Lenders applying on behalf of small business clients for the second round of Paycheck Protection Program (PPP) loans on its E-Tran system saw it time out multiple times Monday.
The separate, bulk submissions, consisting of 5,000 applications minimum, that big banks favor worked better.
“You have very fast-moving legislation, and then there’s a lot of interpretation that’s going on,” Marty Puranik, CEO of cloud hosting company Atlantic.net, told FedScoop. “SBA has a lot of challenges because it’s having to do things it’s never done before.”
While SBA quickly stood up a portal for PPP — which provides forgivable loans of up to $10 million to keep small businesses’ workforces employed during the pandemic — part of it either isn’t working or being overtaxed, Puranik said.
SBA did not respond to a request for comment on the cause or extent of E-Tran’s issues.
Smaller lenders and fintech companies like PayPal successfully used E-Tran to apply for loans for the initial $342 billion in stimulus funds made available to small businesses, while big banks took longer to set up their systems because of how quickly PPP was introduced.
In response, SBA attempted to introduce a pacing system — limiting lenders to 350 applications an hour on E-Tran — for the second round of $310 billion in PPP funds released Monday. This time big banks were the beneficiaries of system issues, Puranik said.
“Our member banks across the country are deeply frustrated at their inability to access [SBA’s] E-Tran system,” tweeted Rob Nichols, president and CEO of the American Bankers Association, on Monday. “We have raised these issues at the highest levels. Until they are resolved [America’s banks] will not be able to help more struggling small businesses.”
While smaller lenders and fintech companies fared better during the first round of PPP, that meant the loans skewed toward wealthy, private client groups and large companies — not small businesses using major banks.
JPMorgan Chase & Co.’s average loan was valued at about $500,000, and the Los Angeles Lakers received a $4.6 million loan, despite being valued at $4.4 billion and only 45% of Los Angeles County residents being employed. The NBA team has since returned the money.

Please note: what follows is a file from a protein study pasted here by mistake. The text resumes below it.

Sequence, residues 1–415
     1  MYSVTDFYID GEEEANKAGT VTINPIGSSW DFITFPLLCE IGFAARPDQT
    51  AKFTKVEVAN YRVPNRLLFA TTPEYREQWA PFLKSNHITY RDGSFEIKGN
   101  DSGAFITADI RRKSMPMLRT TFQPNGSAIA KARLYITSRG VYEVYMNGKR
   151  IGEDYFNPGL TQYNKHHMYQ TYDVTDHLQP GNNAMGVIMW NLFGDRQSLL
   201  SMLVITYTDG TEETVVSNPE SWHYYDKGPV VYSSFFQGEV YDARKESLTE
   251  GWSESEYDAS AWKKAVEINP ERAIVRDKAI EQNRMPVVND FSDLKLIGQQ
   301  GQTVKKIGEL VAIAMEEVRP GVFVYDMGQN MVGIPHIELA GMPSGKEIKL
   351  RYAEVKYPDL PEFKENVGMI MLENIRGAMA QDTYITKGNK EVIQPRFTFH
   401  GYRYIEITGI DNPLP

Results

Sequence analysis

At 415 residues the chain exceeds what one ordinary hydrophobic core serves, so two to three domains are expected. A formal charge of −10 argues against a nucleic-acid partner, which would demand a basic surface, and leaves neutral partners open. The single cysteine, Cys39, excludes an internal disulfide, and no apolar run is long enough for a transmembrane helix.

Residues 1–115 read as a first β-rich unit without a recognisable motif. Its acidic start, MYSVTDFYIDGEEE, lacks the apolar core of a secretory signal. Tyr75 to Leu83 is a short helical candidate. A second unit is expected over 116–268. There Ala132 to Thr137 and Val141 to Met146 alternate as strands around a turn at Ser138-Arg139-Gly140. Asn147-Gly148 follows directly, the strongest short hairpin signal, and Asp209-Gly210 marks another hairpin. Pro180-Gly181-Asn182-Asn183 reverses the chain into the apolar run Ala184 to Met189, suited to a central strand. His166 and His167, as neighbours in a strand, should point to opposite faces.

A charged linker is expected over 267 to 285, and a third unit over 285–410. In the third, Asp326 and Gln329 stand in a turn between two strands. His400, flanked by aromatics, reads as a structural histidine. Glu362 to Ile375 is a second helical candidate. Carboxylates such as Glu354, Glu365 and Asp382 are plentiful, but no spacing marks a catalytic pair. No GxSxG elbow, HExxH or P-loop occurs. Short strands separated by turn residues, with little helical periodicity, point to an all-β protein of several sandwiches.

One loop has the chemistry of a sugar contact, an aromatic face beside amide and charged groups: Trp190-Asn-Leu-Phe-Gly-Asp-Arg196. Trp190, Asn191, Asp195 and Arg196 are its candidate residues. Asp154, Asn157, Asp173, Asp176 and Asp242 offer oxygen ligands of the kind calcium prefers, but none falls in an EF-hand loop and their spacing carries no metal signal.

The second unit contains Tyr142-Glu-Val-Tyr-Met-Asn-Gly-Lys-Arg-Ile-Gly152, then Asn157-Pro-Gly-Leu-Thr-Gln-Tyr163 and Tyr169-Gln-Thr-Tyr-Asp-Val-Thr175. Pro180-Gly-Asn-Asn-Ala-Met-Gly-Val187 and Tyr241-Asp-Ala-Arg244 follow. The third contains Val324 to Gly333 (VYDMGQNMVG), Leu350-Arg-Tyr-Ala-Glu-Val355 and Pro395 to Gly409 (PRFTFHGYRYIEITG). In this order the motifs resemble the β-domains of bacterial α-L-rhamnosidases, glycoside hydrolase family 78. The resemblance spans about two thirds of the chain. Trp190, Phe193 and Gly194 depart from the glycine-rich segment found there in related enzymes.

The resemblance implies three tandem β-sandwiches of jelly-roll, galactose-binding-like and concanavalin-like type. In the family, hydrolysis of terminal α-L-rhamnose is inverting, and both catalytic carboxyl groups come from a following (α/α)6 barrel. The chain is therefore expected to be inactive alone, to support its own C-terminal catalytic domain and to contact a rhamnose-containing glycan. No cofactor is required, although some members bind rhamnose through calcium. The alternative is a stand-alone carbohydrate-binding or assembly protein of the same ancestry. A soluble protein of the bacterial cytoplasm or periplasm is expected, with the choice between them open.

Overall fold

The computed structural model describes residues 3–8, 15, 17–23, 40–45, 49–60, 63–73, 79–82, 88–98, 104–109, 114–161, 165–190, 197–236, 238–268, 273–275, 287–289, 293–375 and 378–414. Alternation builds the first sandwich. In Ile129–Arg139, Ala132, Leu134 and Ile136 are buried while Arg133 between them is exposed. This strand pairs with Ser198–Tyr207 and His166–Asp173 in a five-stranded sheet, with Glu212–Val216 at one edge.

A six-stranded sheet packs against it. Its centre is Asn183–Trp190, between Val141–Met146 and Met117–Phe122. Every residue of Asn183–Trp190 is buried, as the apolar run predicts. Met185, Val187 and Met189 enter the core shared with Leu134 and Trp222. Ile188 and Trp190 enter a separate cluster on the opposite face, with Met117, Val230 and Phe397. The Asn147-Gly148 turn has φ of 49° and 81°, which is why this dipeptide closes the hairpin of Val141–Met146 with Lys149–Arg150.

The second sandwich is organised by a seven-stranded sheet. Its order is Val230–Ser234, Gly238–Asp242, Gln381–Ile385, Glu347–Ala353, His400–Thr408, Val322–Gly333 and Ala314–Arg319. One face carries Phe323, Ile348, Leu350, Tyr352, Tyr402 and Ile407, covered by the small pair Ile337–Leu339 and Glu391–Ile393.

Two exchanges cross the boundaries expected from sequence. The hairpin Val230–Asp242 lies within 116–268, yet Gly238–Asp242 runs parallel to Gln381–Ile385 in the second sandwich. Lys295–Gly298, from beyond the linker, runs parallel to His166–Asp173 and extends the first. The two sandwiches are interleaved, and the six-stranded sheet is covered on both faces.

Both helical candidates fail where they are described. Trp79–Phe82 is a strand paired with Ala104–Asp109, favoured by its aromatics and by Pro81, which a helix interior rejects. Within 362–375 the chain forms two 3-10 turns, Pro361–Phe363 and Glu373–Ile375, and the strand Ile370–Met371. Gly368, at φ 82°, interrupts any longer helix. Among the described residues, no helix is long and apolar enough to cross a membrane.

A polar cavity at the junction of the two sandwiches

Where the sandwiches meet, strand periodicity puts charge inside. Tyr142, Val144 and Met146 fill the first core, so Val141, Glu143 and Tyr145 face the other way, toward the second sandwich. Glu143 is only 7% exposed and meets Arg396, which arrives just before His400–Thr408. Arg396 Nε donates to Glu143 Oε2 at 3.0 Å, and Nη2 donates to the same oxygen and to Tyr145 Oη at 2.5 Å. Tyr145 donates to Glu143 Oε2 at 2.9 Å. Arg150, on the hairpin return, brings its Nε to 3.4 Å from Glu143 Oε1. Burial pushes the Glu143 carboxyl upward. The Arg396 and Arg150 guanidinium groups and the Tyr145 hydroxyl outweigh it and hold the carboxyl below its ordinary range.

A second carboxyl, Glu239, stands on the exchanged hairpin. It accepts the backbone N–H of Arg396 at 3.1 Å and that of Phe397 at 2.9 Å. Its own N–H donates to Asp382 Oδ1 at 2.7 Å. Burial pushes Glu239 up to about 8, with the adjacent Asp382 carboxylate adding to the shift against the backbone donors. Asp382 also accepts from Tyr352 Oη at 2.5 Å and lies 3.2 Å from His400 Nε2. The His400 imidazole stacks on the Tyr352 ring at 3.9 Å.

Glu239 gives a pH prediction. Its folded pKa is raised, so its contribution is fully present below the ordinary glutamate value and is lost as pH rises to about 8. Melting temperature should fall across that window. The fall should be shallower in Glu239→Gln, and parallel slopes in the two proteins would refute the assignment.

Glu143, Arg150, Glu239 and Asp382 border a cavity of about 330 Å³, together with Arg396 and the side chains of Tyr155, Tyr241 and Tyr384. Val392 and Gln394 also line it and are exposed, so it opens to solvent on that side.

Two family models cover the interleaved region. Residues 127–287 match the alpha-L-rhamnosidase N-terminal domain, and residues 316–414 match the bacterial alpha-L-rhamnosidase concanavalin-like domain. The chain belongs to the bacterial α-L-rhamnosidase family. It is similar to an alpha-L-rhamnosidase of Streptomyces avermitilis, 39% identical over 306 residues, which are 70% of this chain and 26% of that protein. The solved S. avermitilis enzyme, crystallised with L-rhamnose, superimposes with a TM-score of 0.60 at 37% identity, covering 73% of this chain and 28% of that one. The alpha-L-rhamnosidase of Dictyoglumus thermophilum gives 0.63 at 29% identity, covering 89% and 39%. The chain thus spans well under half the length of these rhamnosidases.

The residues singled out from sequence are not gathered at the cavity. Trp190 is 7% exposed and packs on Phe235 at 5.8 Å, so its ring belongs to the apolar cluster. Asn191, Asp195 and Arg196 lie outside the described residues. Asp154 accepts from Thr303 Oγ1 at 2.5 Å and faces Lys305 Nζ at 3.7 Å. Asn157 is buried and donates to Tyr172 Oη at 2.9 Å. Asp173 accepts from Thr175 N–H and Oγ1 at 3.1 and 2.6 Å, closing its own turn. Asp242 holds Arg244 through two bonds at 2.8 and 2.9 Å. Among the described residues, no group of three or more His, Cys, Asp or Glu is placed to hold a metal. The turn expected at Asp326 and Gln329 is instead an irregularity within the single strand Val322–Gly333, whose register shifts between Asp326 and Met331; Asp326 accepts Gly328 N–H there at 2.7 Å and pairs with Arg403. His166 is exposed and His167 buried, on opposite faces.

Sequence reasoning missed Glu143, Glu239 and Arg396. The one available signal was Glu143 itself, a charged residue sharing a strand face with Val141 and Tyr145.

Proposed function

“Virtually no small businesses got any loans,” Puranik said.
A better process might be for SBA to accept all loan applications and then make awards via a lottery, or else a reverse lottery where portions of the pot go to employers with certain ranges of employees, he added.
SBA will need to work out the kinks with E-Tran because PPP will only fund businesses for about two months.
Part of PPP loan forgiveness is that small businesses must hire employees back, but some workers might not return if they’re making more on unemployment and the coronavirus is still a threat to them at, say, their restaurant job. In that situation the business could become burdened with the low-interest loan, unless future stimulus legislation forgives loans if businesses merely remain open or retain a certain amount of employees, Puranik said.
That means more work for SBA, and there’s also the Economic Injury Disaster Loan (EIDL) program to consider. EIDL also received stimulus funding and was originally intended to be a $10,000 loan for applicants, but SBA interpreted the law to mean $1,000 per employee for up to 10 employees — meaning the smallest businesses won’t receive the full amount.
“The little guys have the least margin for error,” Puranik said, and every adjustment changes portal business rules.
Crashes haven’t been that portal’s only issue, as earlier this month personally identifiable information from about 8,000 EIDL applicants was potentially exposed, according to SBA.
SBA disabled the portion of the website at issue and relaunched the portal. But the cause of the problem, data exposed and length of time it was available were unclear.
“Nobody’s claiming to have all that data out there,” Puranik said. “So I think they were just releasing that as a government agency, which in a way if that’s what happened, that’s great they would be forthcoming because in corporate America it’s usually the other way.”